Another Appeals Court Strikes Down NLRB Notice Posting Rule
By Stephen R. McCutcheon, Jr.
The National Labor Relations Board’s controversial rule requiring employers to post a notice of employee rights under the National Labor Relations Act was held to be illegal by a second appellate court on June 14, 2013. Previously, the influential Circuit Court of Appeals for the D.C. Circuit found the notice posting rule to be in excess of the NLRB’s statutory powers. Now the Fourth Circuit Court of Appeals, which covers Maryland, North and South Carolina, Virginia, and West Virginia, has issued a similar ruling striking down the notice posting rule.
The National Labor Relations Act governs relations between private sector employers, labor unions, and employees, and protects the rights of employees to choose whether or not to be represented by a union. The core functions of the NLRB under the Act are to conduct representation elections, and to resolve unfair labor practice claims – both of which are predicated upon the filing of charges or petitions by employees, unions, employers, or other persons. In striking down the notice posting rule, the Fourth Circuit Court of Appeals held that the Act only empowers the NLRB to carry out its statutorily defined “reactive roles in addressing unfair labor practice charges and conducting representation elections upon request.” The Court reiterated that the NLRB has no general investigatory powers, and that all of its functions and responsibilities are predicated upon responding to the filing of an unfair labor practice charge or representation petition.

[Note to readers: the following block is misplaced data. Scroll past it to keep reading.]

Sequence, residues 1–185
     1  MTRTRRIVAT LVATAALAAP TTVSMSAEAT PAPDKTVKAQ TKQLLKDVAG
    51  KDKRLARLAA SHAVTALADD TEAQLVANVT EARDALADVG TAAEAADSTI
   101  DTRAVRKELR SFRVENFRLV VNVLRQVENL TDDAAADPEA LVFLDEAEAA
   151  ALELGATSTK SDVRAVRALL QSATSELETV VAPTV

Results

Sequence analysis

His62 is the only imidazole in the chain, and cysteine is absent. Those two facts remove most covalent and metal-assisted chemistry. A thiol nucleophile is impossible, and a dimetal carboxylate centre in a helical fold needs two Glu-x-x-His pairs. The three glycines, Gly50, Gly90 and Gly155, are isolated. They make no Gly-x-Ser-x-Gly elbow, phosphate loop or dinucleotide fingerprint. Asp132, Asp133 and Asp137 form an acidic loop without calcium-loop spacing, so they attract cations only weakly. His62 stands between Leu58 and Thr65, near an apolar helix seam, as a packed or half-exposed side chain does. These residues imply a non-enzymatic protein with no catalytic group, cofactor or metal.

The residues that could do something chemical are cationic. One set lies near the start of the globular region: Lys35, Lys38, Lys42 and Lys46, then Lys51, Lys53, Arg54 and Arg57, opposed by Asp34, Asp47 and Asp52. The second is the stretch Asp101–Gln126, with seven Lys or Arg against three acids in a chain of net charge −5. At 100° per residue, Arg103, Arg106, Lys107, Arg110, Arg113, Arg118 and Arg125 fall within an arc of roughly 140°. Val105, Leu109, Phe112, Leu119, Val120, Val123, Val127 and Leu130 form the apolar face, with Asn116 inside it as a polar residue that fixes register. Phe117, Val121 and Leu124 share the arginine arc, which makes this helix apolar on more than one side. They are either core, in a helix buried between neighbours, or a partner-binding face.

The NLRB’s adoption of the notice posting rule constituted a departure from its statutorily-created reactive nature, and stood in stark contrast with other government agencies such as the EEOC and OSHA which are expressly granted the authority to require the posting of notices in the workplace and initiate investigations without the filing of a complaint. Absent an amendment to the NLRA by Congress, the NLRB will be limited to responding to petitions and complaints, and cannot use its rulemaking power to expand the scope of its authority.
The case is Chamber of Commerce of the United States and South Carolina Chamber of Commerce v. National Labor Relations Board, 4th Circuit U.S. Court of Appeals, No. 12-1757.